The United States Wednesday expressed serious concern over the arrest of an opposition political figure in Venezuela who had accused President Hugo Chavez's government of ties to regional subversive groups. Former Venezuelan state governor Oswaldo Alvarez Paz could face as long as 16 years in prison on conspiracy and other charges.
The State Department has joined human rights groups in criticizing the arrest of former Venezuelan presidential candidate Oswaldo Alvarez Paz, who was arrested Monday after a television interview earlier this month in which he accused the Chavez government of, among other things, helping drug cartels.
A long-time member of the opposition COPEI party who sought the presidency in 1993, Alvarez joins a growing list of prominent Chavez critics who now in jail, exile, or facing prosecution.
Authorities opened in inquiry into Alvarez after he gave an interview to the pro-opposition TV network Globovision March 8th in which he said the Caracas government has cooperated with the leftwing Colombian rebel group FARC and facilitated the work of drug traffickers.
President Chavez dismissed the allegation as lies and a court ordered Alvarez arrest for conspiracy, spreading false information and inciting hate.
A coalition of Venezuelan opposition groups said Alvarez had been arrested for a crime of opinion.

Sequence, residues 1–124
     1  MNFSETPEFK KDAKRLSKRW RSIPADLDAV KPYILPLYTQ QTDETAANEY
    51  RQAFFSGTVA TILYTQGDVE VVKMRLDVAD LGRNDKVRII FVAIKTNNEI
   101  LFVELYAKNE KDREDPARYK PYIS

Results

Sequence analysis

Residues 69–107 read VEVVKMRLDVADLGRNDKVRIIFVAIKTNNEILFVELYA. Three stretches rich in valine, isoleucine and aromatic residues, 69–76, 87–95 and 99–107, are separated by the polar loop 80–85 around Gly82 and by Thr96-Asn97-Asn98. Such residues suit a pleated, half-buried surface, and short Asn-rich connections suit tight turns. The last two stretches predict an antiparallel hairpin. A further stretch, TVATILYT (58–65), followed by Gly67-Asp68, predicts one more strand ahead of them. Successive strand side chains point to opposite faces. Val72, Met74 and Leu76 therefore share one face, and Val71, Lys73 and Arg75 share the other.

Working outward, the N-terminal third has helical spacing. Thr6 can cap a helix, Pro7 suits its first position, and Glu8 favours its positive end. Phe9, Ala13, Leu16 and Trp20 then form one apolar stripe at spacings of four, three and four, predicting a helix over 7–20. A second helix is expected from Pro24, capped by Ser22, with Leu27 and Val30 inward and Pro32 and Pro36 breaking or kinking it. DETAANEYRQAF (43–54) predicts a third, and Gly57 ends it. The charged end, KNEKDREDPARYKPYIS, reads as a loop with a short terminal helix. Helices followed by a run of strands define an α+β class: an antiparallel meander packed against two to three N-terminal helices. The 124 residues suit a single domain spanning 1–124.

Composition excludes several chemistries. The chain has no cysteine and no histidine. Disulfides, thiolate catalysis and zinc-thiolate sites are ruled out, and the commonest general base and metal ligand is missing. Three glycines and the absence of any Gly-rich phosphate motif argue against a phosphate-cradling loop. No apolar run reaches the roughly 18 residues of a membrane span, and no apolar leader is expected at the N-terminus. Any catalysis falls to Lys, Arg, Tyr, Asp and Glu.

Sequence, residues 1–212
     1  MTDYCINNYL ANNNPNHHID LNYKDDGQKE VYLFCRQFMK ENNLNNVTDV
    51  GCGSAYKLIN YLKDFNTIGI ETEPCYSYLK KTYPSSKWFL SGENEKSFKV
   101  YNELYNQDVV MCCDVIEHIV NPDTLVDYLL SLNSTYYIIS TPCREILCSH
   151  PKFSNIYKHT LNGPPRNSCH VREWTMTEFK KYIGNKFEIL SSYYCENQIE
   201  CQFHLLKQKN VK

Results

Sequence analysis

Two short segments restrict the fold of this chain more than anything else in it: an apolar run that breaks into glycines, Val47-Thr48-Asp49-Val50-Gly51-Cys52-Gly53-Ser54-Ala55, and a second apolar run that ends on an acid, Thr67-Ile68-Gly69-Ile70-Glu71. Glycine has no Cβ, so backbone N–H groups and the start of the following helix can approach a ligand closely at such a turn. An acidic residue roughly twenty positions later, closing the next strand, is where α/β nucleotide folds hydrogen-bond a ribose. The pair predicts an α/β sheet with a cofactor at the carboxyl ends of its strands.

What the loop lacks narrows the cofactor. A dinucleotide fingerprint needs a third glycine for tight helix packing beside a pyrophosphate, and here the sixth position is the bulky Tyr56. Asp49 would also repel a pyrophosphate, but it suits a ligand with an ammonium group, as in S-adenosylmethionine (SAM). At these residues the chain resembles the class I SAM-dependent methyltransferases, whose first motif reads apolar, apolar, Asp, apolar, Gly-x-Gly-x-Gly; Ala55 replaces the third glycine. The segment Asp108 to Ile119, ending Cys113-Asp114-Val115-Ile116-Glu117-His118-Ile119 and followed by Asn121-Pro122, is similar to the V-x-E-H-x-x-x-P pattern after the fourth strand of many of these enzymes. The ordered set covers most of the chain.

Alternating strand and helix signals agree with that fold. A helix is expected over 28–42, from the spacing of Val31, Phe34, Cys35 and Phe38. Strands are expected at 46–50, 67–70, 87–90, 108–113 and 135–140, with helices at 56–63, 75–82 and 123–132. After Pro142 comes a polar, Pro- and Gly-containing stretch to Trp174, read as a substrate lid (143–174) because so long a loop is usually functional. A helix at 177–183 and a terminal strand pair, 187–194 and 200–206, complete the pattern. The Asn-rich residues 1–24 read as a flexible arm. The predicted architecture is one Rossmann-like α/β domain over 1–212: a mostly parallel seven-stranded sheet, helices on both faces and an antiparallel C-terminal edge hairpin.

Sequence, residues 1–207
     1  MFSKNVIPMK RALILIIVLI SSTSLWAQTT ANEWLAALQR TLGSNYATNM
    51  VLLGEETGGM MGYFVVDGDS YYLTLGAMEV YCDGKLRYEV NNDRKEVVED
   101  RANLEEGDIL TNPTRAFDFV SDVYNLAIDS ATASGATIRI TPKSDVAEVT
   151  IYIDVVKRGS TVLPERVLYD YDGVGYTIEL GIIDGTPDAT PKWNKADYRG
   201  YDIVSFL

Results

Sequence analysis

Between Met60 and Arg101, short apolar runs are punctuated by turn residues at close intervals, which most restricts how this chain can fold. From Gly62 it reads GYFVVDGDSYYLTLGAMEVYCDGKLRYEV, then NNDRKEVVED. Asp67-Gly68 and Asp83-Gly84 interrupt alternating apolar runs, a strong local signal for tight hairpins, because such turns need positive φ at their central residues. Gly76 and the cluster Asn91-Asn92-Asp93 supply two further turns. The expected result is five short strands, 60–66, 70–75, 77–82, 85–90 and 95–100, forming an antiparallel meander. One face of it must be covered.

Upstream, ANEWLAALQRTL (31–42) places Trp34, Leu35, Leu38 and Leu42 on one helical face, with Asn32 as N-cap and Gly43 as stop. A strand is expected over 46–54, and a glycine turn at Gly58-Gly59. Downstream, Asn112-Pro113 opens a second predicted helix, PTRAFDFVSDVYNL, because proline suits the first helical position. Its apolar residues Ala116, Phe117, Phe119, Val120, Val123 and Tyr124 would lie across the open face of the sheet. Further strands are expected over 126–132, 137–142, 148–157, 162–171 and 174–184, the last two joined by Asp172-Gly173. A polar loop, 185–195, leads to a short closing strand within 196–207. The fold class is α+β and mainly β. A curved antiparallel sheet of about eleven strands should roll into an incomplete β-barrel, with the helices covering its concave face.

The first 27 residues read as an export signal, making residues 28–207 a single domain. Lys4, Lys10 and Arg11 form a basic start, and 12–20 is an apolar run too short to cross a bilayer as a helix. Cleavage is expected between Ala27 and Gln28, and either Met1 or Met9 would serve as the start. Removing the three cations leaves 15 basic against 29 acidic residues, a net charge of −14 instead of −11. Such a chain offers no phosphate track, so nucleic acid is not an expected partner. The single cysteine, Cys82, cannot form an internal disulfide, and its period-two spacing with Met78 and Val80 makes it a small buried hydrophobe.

At a news briefing, State Department acting spokesman Mark Toner also said he was being prosecuted for expressing political views.
"We are seriously concerned about the arrest of former governor Oswaldo Alvarez Paz for simply expressing his views on a TV talk show," said Toner. "It is unfortunately the latest example of the government's continuing assault on freedom of expression. We urge the Venezuelan government to honor its commitment under the Inter-American Democratic Charter to uphold the principle that respect for human rights, including freedom of expression, is essential for representative democracies," he added.
Spokesman Toner noted that Human Rights Watch has also called the arrest a major setback for freedom of expression in Venezuela.
The Latin American Affairs Director for Human Rights Watch, Jose Miguel Vivanco, accused Mr. Chavez of trying to intimidate critics with allegations of conspiracies and coup-mongering, and said jailing someone for criticizing the government is a clear abuse of power.
Alvarez faces between two and 16 years in prison if convicted on one or more of the charges.
Vivanco said Alvarez' plight is all the more difficult given what he said was the Chavez government's takeover of the country's supreme court.
Venezuelan judicial officials deny Alvarez is being prosecuted for political reasons, saying he has committed real crimes for which he should answer in court.
Lawyers for the former governor of oil-rich Zulia state say they are trying the secure his release pending a trial.